An Old Promise

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          First Friday of the month. First Friday devotion to the Sacred Heart of Jesus. First time in a long time that I’m able to observe this devotion.

          But I dispense with the usual prayers. I wish to gift Jesus with something of my own, from my heart. I begin with a consecration – pressing the family and others, name by name, deep into the depths of the Sacred Heart of Jesus. Then, I offer up my own Chaplet ~

Blood of Christ,

Mark our hearts.

Each decade – a different petition of need. Is this right? Should I be dispensing with the usual formula? I honestly do not know. But what I do know is, if it is wrong, God will set me right.

          I leave my Holy Hour and move on to house chores. With Christmas fast approaching, there’s much to do. Busy in the depths of planning, listing, wielding and scrubbing, I feel the lightest nudge, and the strains of an old hymn unfurl their petals in the inner ear of my spirit:

THE OLD RUGGED CROSS

On a hill far away stood an old rugged cross,
The emblem of suff’ring and shame;
And I love that old cross where the Dearest and Best
For a world of lost sinners was slain.

Refrain:
So I’ll cherish the old rugged cross,
Till my trophies at last I lay down;
I will cling to the old rugged cross,
And exchange it someday for a crown.

Oh, that old rugged cross, so despised by the world,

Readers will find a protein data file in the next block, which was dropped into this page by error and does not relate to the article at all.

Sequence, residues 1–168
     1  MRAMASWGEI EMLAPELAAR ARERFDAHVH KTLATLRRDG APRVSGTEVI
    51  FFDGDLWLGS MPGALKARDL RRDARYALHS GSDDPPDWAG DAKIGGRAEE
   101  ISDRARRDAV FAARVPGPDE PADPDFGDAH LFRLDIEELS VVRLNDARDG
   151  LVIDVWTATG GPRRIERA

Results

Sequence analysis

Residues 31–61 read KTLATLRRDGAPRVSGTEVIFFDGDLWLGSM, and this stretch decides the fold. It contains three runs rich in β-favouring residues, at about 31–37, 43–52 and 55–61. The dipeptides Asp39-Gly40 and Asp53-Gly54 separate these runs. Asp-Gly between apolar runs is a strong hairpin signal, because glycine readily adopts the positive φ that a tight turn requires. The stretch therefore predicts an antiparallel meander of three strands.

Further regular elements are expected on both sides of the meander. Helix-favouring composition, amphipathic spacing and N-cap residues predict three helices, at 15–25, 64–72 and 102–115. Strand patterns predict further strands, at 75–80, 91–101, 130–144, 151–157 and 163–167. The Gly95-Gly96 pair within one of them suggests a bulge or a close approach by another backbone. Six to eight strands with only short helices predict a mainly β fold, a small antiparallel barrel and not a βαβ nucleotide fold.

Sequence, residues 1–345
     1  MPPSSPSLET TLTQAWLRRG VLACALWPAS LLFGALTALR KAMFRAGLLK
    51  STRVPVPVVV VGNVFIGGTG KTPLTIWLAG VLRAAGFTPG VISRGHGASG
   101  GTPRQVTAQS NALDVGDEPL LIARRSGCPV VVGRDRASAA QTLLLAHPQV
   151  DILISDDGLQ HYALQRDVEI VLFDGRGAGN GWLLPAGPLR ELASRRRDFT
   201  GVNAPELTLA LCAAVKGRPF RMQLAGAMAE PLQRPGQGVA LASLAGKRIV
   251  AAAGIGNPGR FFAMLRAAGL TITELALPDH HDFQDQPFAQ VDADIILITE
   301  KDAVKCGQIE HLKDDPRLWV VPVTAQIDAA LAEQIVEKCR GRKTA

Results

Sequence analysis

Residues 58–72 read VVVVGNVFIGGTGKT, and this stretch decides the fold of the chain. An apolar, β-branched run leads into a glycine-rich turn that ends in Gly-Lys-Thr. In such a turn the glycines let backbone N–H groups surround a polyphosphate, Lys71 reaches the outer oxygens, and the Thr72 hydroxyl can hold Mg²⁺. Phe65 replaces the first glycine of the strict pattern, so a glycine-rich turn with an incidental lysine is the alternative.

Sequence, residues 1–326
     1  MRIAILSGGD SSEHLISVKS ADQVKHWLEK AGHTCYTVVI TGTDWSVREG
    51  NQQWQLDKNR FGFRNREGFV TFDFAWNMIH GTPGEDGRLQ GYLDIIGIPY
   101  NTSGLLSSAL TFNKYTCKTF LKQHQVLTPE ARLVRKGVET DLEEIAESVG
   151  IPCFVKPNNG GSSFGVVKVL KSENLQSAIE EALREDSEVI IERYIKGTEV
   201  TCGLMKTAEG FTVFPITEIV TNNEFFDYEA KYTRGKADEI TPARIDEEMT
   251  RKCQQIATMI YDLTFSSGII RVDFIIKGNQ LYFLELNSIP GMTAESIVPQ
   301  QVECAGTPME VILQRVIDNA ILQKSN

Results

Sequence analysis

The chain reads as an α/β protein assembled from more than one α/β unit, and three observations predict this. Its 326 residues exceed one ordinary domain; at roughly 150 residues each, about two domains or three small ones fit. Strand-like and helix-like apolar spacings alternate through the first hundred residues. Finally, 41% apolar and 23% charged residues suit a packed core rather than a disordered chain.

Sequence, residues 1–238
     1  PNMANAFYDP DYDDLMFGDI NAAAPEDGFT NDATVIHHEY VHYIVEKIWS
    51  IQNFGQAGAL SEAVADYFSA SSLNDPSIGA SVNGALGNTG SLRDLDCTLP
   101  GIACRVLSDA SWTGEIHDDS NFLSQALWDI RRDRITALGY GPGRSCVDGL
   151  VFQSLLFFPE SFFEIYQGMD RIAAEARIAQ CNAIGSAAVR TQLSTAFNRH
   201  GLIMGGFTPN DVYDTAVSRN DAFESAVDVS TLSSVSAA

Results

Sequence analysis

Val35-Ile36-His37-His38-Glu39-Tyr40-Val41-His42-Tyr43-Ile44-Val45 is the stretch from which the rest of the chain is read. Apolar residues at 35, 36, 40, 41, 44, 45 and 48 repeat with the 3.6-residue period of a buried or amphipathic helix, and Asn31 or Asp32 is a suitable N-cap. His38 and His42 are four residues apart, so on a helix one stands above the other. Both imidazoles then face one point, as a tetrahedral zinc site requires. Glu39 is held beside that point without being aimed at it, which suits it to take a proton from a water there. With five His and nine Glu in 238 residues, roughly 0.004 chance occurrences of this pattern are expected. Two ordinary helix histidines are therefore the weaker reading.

Has a wondrous attraction for me;
For the dear Lamb of God left His glory above
To bear it to dark Calvary.

In that old rugged cross, stained with blood so divine,
A wondrous beauty I see,
For ’twas on that old cross Jesus suffered and died,
To pardon and sanctify me.

To the old rugged cross I will ever be true;
Its shame and reproach gladly bear;
Then He’ll call me someday to my home far away,
Where His glory forever I’ll share.

          I run the words of the hymn through my heart to see what sets anchor in my spirit. When the winds dip, I feel the words:

old rugged Cross

          On a day when the grey~blue winds sing hushed notes through green weaves, and the shy sun blesses the land, on a day when my spirit skips in joy, reveling in the respite from bitters and stings, my Jesus gently reminds me that no life lived for Him can be lived away from the Cross. That to pray asking to be marked with His Blood is to pledge my acceptance and love of the cross in my life.

          It is to love the Cross through the weave of months and years, until old breath. And by that, to bring to fulfilment His promise to me one anguished night nine years ago, when I had begged for death in order to find heaven. Jesus had turned me resolutely back to this earth and its awaiting sufferings, promising me,

When you have done My Will, I will come and take you home.

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4 comments

  1. It does not matter how we pray as long as it is honest and from the heart. We can repeat prayers we’ve learnt, or talk (and listen) to God as a loving Father and friend.

    I like the photo at the top of this post. I wish we had Crucifixes, or statues, like that around the UK.

    God bless.

    Like

    1. Last week, I happened to read about hiking in Luxembourg, and there was this trail where one could see wayside shrines such as in the blog post picture. I believe we can see shrines and grottos in Ireland too. I too yearn for this, Victor. That and for the gentle tolling of church bells to announce prayer times, like in European villages of old.

      Like

      1. Ah … thankfully, we still have church bell ringing in the UK. Sometimes in the evening when I’m in the garden, and the wind is in the right direction, we hear the church bells ringing from a church not so far away.

        God bless.

        Like

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